Like or Dislike: Thumb up 0 Thumb down 0

  3. James Pearce says:

    Here, a third party is scarfing up scads of spots—quite possibly a large portion of the restaurant’s availabilities—at no cost and selling those it can.

    At a restaurant that doesn’t do reservations, the market for this kind of service doesn’t exist.

    It’s these situations that make me think that markets don’t necessarily want to be “free;” they just want to exist. The restaurant won’t sell their availabilities….therefore someone else must.

    Like or Dislike: Thumb up 0 Thumb down 0

  4. Lounsbury says:

    If anything ever was a navel gazing ‘first world problem’….

    Like or Dislike: Thumb up 5 Thumb down 0

  5. Speedee says:

    Big Mac…Drive up window…

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  6. Grumpy Realist says:

    Or the restaurants should start charging to make reservations and require ID. If anyone should make money off this system, it should be the restaurant.

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  7. James Joyner says:

    @Grumpy Realist: Right. But the problem here is that at lot of the trendier restaurants make it next to impossible to get a reservation. The service here isn’t the reservation itself but dealing with the aggravation. I’m okay with that. The problem is that the second order effect of the business model screws the restaurant out of customers.

    Like or Dislike: Thumb up 2 Thumb down 0

  8. DrDaveT says:

    @James Joyner:

    a lot of the trendier restaurants make it next to impossible to get a reservation. [...] The problem is that the second order effect of the business model screws the restaurant out of customers.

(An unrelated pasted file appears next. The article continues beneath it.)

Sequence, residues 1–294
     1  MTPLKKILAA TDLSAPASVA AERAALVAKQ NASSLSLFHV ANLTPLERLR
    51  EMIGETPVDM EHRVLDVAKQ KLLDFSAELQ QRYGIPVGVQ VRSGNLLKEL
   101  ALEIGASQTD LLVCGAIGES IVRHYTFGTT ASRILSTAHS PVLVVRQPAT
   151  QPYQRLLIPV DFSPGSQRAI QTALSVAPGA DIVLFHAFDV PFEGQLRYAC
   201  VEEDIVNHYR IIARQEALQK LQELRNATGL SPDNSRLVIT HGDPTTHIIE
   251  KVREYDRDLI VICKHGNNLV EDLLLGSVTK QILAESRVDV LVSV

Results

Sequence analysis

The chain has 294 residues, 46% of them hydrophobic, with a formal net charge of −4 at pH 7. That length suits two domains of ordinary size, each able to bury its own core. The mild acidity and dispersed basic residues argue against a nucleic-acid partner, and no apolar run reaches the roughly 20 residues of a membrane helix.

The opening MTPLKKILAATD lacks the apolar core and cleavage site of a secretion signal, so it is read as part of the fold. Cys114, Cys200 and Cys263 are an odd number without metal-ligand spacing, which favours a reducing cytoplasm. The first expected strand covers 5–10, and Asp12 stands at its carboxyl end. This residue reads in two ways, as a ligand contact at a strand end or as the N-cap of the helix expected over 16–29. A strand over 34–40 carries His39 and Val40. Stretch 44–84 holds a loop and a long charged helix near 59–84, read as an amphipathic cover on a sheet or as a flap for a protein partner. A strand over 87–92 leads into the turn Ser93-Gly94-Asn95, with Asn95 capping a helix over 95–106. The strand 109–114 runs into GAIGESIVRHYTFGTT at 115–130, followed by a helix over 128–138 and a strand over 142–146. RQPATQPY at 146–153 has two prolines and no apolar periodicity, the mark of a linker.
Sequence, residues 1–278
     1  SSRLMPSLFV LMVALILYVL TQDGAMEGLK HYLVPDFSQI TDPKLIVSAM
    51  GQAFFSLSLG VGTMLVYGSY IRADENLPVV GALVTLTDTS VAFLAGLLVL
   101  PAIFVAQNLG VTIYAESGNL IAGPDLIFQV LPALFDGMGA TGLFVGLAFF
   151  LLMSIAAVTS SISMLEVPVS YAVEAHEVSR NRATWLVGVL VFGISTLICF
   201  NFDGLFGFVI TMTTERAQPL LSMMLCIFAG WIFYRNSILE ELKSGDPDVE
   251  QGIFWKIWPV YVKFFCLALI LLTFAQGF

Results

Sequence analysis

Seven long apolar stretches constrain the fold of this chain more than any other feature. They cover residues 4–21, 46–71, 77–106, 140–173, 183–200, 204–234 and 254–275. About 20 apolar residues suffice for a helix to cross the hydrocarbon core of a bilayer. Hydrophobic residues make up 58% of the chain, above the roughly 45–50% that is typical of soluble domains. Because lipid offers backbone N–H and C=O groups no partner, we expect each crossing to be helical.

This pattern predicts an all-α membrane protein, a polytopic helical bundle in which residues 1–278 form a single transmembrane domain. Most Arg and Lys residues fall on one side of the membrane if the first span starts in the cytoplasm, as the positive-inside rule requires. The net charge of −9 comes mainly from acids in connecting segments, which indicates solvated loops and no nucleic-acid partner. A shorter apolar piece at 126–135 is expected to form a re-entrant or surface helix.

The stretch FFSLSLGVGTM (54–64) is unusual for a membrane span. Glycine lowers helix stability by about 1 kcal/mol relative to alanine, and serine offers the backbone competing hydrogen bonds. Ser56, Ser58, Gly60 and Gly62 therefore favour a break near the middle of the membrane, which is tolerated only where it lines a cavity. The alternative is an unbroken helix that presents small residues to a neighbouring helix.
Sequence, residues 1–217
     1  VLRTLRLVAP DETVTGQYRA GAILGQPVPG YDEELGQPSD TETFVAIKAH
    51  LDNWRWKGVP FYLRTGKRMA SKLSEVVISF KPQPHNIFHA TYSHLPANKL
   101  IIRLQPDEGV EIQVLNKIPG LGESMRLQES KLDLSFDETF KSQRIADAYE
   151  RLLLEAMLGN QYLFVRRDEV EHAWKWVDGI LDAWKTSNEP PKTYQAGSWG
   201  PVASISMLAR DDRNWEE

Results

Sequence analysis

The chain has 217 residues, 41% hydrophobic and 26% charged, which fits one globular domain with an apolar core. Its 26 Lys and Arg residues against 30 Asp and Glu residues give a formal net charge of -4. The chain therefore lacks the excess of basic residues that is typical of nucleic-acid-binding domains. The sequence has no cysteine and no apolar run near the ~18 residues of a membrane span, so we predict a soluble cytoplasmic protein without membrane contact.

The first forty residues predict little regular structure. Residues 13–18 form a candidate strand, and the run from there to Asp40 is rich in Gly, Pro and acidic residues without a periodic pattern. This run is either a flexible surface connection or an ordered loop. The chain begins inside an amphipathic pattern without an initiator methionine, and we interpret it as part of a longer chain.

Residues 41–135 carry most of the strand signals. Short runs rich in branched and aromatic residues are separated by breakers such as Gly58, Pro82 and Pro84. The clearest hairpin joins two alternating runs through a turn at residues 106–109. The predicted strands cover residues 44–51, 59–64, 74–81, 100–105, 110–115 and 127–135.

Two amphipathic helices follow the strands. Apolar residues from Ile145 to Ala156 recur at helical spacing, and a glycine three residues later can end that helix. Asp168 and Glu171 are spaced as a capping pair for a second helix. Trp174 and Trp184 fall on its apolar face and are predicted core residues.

This sounds like that old Yogi Berra line about how nobody goes to that restaurant any more because it’s too crowded.

    Like or Dislike: Thumb up 2 Thumb down 0

  9. al-Ameda says:

    @Bob Beller:

    Obviously by requiring ID they are trying to disenfranchise poor and minority dinners who may not have an ID. They are racists.

    Yes, quite clearly this is related to voting rights.

    Like or Dislike: Thumb up 3 Thumb down 0

  10. James Joyner says:

    @DrDaveT: I don’t care enough about food to go along with the shenanigans. But, for example, there’s this trendy bar in Nashville that friends of mine there took me to. Their shtick is that they don’t take reservations and you get to wait in their tiny waiting area until they seat you. The waiting area gets packed, even though—at least on the night we went—the interior area has plenty of seating. But people are excited enough about the crafty drinks inside that they’re willing to put up with the nonsense.

    Aside from the company I was with, I’d rather drink a nice bourbon, neat, in the comfort of my own home. But there are people who love being seen or being able to brag about being at the trendy place and are willing to put up with the silliness. This service allows those who want the experience minus the silliness to pay more.

    Like or Dislike: Thumb up 0 Thumb down 0

  11. ernieyeball says:

    minority dinners?

    You mean like “Beans and Cornbread”?
    https://www.youtube.com/watch?v=fM9jT2eM6KQ

    Like or Dislike: Thumb up 0 Thumb down 0

  12. superdestroyer says:

    @James Joyner:

    As two examples, Volt in Fredrick. MD is almost impossible to get a reservation on the weekend. I assume that the restaurant holds out a large number of tables for regulars or to give to concierges at hotels. Cityzen and Blue Buck Tavern restaurant in downtown DC requires a credit card number of reserve a table and will charge more than $100 a person for a no show.

    There are also the odd places like the original Ray’s the Steaks where one showed up at 4:00 PM and put your name on a paper list and then waited in line for your name to be called. The wait in line ensures that all of the tables are full. I will walk out of a restaurant that tries to park me in the bar when they obviously have plenty of tables.